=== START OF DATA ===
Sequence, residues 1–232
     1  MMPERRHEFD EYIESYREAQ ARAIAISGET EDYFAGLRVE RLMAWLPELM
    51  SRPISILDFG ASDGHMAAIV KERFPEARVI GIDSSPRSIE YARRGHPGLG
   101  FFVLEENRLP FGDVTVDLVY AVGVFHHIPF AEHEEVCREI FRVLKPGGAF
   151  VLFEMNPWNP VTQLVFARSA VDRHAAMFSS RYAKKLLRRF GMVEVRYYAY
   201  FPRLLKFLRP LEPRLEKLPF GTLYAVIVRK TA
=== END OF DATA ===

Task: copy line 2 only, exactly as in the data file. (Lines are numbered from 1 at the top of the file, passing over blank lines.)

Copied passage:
     1  MMPERRHEFD EYIESYREAQ ARAIAISGET EDYFAGLRVE RLMAWLPELM